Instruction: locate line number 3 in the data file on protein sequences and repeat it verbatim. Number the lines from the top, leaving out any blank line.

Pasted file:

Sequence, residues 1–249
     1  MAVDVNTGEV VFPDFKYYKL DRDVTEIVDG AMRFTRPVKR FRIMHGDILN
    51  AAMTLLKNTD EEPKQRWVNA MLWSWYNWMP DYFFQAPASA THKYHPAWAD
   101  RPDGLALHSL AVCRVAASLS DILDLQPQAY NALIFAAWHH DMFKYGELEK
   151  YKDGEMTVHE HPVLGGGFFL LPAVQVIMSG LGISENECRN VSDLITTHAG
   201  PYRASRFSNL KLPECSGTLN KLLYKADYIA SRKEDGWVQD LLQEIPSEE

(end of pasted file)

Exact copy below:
    51  AAMTLLKNTD EEPKQRWVNA MLWSWYNWMP DYFFQAPASA THKYHPAWAD